The "Biggest Little Goodbye" and what's next

Saying goodbye to Reno; introducing "The Cyprus Files"

“These calls had been one of the features of her stay in Reno, that six-week fever dream in which she constantly listened to Mr. Roosevelt, and couldn’t get it through her head that she couldn’t vote for him this year, as she would be a resident of Nevada, not of California.”

–James M. Cain, Mildred Pierce


“To say goodbye is to die a little,” Raymond Chandler wrote in his great detective novel, The Long Goodbye. I’ve usually found that saying to be true. Even if we find our experience of a place challenging at times, departure tends to invite disorientation, as we resume life’s journey within a fresh context.

It’s transition time over here at The Usonian. My two-months-long hiatus from newsletter writing was precipitated by my move-out from Reno, Nevada, in preparation for my next effort: a Fulbright year in Nicosia, Cyprus as I explore the urban history of that divided island.

I’m not done writing about Nevada, and I still have so many Usonian stories to share with you in 2021. In this post, I’ll reflect a little on my time in Reno and offer a glimpse of what’s to come, including a new sub-blog about Cyprus which will live within this newsletter.

The biggest little goodbye

“The biggest little city in the world,” as Reno’s once-and-future tagline proclaims, first achieved its heights in the early 20th century, when a 6-week “Reno divorce” drove the local economy by offering a relatively simple way to cut ties with an errant marriage.

Though the casino resort town was the equivalent of Las Vegas before Vegas, the majority of Reno’s casinos have not kept pace with the glitzier resorts found in the more famous burgeoning Nevada metropolis to its south. Meanwhile, the proliferation of gambling across the United States has weakened Reno’s gaming allure.

Today, Reno is amidst a period of reinvention as the city reimagines itself as both a tech corridor and gateway to nearby Lake Tahoe. Companies such as Tesla, Apple, Google, and Panasonic operate facilities in the region, luring tech workers from Silicon Valley with the promise of a less-congested and more-outdoorsy lifestyle. Reno’s charm as a quirky Western city is palpable on buzzy South Virginia Street or in bars and restaurants across the city.

But summer fires and ash remind residents and visitors alike that Northern Nevada remains part of the American West, and the difficulties of climate change will continue to threaten inhabitants of this region, particularly in regards to wildfires and droughts.

I’m grateful for my three years in Reno, while I earned my MFA at the University of Nevada, Reno. I learned to cross country ski and became a more knowledgeable cyclist. I made friends as I explored some less-trod corners of Tahoe and remote areas of Nevada. I was able to visit my friends and family in California and re-connect with some of the places where I spent my earliest years. And with the help of my advisors and classmates, I became a much stronger writer.

But time came to say goodbye. And hello.

Introducing: “The Cyprus Files”

After I moved out of Reno, I began laying the groundwork for my next project: a Fulbright year in the Republic of Cyprus, an island nation in the Eastern Mediterranean with an embattled history, a province of various empires from ancient Egypt to the British Empire, to its present-day status as a member state of the European Union.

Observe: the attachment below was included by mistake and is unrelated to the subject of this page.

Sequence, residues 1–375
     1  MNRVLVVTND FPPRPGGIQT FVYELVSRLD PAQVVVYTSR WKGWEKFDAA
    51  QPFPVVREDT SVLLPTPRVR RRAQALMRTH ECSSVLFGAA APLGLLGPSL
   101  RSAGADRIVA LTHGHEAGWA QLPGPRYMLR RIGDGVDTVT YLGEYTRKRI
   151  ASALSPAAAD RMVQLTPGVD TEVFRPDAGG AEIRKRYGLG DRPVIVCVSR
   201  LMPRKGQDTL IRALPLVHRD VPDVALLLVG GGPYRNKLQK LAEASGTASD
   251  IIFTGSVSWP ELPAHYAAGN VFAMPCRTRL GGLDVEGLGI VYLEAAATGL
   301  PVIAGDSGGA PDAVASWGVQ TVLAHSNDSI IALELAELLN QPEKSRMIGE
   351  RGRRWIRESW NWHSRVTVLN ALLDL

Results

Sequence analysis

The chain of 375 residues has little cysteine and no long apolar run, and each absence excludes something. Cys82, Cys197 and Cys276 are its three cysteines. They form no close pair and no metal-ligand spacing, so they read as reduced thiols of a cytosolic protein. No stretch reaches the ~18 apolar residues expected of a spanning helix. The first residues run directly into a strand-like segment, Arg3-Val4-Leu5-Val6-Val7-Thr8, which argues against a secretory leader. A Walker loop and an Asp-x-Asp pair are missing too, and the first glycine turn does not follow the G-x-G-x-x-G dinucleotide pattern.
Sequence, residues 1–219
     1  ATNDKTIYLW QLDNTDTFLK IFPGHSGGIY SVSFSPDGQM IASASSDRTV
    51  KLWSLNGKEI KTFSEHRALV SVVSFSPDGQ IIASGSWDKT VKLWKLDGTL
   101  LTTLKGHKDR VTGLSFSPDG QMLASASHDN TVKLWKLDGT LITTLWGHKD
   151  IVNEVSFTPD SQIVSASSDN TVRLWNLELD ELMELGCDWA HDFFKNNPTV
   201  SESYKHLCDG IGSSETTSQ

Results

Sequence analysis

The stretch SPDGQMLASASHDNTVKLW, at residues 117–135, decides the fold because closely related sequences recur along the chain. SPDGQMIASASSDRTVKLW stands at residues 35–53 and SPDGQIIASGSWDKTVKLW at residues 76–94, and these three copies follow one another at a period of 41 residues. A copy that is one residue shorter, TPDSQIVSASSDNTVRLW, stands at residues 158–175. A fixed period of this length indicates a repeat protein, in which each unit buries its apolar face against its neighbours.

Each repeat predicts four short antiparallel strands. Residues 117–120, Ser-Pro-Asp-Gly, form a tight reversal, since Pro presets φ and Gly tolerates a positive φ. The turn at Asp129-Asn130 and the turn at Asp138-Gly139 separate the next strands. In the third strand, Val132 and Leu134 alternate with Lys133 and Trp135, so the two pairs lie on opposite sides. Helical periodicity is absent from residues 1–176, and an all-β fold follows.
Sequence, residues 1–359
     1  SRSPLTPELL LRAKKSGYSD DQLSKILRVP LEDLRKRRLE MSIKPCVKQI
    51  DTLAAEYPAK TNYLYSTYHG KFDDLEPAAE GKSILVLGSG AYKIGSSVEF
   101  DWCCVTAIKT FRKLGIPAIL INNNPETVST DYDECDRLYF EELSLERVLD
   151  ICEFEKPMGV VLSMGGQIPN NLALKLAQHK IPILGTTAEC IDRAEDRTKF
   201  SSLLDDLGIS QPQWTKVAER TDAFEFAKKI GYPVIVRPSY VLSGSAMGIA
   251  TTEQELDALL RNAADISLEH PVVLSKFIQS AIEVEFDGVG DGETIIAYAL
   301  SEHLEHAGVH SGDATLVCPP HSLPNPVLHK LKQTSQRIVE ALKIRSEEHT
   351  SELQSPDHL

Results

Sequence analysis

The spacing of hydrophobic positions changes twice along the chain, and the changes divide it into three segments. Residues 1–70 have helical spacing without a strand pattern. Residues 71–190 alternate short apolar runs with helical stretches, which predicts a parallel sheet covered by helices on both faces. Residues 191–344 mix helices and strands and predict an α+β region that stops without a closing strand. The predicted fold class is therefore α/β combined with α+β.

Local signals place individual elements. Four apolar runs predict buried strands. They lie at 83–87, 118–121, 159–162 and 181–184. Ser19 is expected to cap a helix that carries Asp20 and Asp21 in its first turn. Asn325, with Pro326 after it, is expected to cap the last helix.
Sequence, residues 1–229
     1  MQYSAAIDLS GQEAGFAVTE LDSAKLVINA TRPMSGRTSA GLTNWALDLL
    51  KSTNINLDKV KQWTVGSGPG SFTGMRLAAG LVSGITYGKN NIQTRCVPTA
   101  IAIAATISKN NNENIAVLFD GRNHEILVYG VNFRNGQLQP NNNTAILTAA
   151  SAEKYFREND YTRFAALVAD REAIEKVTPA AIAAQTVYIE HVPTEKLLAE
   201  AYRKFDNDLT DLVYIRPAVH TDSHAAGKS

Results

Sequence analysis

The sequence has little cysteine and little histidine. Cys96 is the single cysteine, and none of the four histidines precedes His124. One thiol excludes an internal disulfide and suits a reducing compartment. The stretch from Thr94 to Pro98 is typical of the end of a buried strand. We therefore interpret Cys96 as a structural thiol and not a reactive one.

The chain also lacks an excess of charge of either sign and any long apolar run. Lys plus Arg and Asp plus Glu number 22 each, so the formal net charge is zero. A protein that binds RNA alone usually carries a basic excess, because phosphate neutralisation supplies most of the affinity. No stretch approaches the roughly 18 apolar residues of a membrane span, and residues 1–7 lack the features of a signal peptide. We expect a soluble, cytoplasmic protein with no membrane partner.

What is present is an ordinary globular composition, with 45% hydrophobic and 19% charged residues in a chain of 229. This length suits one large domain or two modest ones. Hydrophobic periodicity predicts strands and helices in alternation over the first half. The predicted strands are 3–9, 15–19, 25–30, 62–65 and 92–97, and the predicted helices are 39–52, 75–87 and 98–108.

Cyprus achieved independence from the British Empire in 1960, but a civil war that followed between the island’s Greek Cypriot majority and Turkish Cypriot minority led to the island’s invasion by Turkish forces in 1974 and the island’s division between the Republic of Cyprus and the Turkish-occupied lands to the republic’s north. Today, UN Peacekeepers continue to patrol the “Green Line” which partitions the island, as well as the capital of Nicosia, the last divided capital in Europe.

Over the next year, I’ll be studying the history of that urban division as an affiliate of The Cyprus Institute, a non-profit research institution in Nicosia. With my new monthly newsletter channel, The Cyprus Files, I plan to share my findings and experiences on the island to help meet the Fulbright program’s goal of building mutual understanding between the United States and the rest of the world. Please consider subscribing to The Usonian and/or The Cyprus Files to receive all my updates from the island of Aphrodite.

If you are already subscribed to The Usonian, you will receive The Cyprus Files automatically as emails sent directly to your inbox. If you don’t wish to receive The Cyprus Files, you can unsubscribe to that channel once the newsletter goes live toward the end of September.

Like The Usonian, The Cyprus Files will be a free newsletter; it will run on a monthly basis for the duration of my time on the island. The Cyprus Files will also be available for free in The Usonian archive.

Next up in The Usonian

Despite my summer break from newsletters, I’ve still got a lot of ground to cover in 2021. In the coming weeks, get ready for some more enlightening interviews from amazing writers working in entirely different contexts—including poets, thriller writers, and literary translators. As always, look forward to more posts about design, history, and travel.

Above all, thanks for taking this journey with me. Until the next time.

Regards,

Harrison Blackman